Fix early warning for cops

A good early-warning system can prevent police violence and abuse
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EDITORIAL The San Francisco Police Commission has finally approved a long-overdue plan to monitor problem cops — but the Police Officers Association managed to get it watered down to the point where it won't be terribly effective. The whole sorry episode was an example of how the POA has been running roughshod over the Police Department and undermining even basic disciplinary procedures.

The commission has been talking about this for four years now, ever since the American Civil Liberties Union and the Controller's Office released scathing reports outlining the city's failure to monitor problem officers and identify cops who were prone to violent behavior.

The idea is simple (and it's worked successfully in plenty of other cities): there are well-established patterns of behavior and performance signals that tend to be associated with police officers likely to get into trouble. The San Francisco system will track uses of force, citizen complaints, police-abuse lawsuits, officer-involved shootings, on-duty accidents, and vehicle pursuits and allow the department to do early intervention with any officer who seems to be developing violent or reckless behavior.

But that ignores two other key indicators — cases in which criminal charges are dismissed because of officer misconduct and cases in which the cops charge citizens with resisting arrest. If an officer is involved in an unusually large number of these sorts of cases, it's a clear sign of potential trouble, Samuel Walker, a criminologist who's a national expert on early-intervention systems, told the commission.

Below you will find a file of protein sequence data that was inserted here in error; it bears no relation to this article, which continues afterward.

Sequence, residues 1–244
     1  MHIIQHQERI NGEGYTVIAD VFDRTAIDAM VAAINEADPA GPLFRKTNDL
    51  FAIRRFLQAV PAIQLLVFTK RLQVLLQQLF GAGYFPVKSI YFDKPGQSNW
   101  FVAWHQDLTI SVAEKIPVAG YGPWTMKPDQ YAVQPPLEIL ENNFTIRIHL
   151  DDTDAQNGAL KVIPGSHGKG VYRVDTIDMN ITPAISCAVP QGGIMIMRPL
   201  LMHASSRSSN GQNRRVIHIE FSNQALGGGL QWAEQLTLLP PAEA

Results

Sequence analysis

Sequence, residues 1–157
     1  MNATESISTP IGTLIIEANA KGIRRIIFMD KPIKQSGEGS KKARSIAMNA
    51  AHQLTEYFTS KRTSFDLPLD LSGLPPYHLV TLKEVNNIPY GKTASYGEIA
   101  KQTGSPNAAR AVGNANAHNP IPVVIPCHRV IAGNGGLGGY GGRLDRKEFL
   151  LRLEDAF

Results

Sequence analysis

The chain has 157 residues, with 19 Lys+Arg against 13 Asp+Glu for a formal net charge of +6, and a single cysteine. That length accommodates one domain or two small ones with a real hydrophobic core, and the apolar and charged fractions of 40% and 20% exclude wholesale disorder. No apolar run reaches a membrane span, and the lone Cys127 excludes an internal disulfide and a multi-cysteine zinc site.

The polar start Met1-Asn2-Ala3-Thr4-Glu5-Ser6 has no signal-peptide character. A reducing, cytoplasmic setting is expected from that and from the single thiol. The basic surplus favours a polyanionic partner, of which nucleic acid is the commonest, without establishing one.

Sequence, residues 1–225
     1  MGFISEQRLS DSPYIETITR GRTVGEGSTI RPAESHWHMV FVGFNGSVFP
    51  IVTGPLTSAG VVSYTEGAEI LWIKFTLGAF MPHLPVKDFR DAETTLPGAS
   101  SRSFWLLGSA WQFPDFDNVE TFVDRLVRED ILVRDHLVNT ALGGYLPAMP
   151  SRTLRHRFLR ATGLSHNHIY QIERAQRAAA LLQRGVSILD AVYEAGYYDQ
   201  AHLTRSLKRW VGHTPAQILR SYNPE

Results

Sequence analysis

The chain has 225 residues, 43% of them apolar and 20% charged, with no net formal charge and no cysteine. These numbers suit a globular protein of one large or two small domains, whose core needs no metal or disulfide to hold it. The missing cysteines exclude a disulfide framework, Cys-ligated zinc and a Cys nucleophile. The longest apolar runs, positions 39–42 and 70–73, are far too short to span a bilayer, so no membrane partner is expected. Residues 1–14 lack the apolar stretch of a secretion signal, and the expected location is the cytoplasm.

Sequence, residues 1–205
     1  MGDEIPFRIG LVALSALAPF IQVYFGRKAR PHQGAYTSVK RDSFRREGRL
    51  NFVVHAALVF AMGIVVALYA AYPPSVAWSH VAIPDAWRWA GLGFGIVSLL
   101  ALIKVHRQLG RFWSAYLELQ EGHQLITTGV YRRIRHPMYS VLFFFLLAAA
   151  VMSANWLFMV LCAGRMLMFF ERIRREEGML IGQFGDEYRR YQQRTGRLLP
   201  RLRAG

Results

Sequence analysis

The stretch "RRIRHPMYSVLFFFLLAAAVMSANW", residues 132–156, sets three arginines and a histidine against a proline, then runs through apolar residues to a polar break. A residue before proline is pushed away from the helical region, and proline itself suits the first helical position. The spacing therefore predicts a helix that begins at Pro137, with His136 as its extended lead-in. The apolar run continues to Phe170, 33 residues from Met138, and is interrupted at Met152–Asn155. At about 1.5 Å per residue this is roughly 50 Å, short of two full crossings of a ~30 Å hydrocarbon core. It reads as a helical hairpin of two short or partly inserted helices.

The POA, however, helped write the plan — and refused to allow those criteria to be included. The union also made sure that the tracking system can't be used in considering whether an officer is promoted, disciplined, or allowed to train other cops. In other words, the Police Department can't use its own data for what would seem to be standard management practices. In fact, POA officials threatened to sue the city if the commission made any effort to tighten the tracking program.

The system is hardly punitive to the cops. The first two times it triggers a red flag, the officer's supervisor can use the information for closer monitoring — or can simply review the findings and determine there isn't a real problem. Only after a third warning sign does the officer have to undergo counseling.

A good early-warning system can prevent police violence and abuse, and by weeding out problem officers before they do something that leads to a major lawsuit, it can save the city a lot of money. But the real point here is that the commission and the chief — not the police union — should be making decisions about management policy.

This program won't go into effect until the end of the year; there's still plenty of time for the commission to send it back for amendments without buckling to the demands of a rogue police union that has already done tremendous damage to the department's reputation. Commissioner David Campos, to his credit, was the lone vote against it; the other members of the panel should follow his lead.*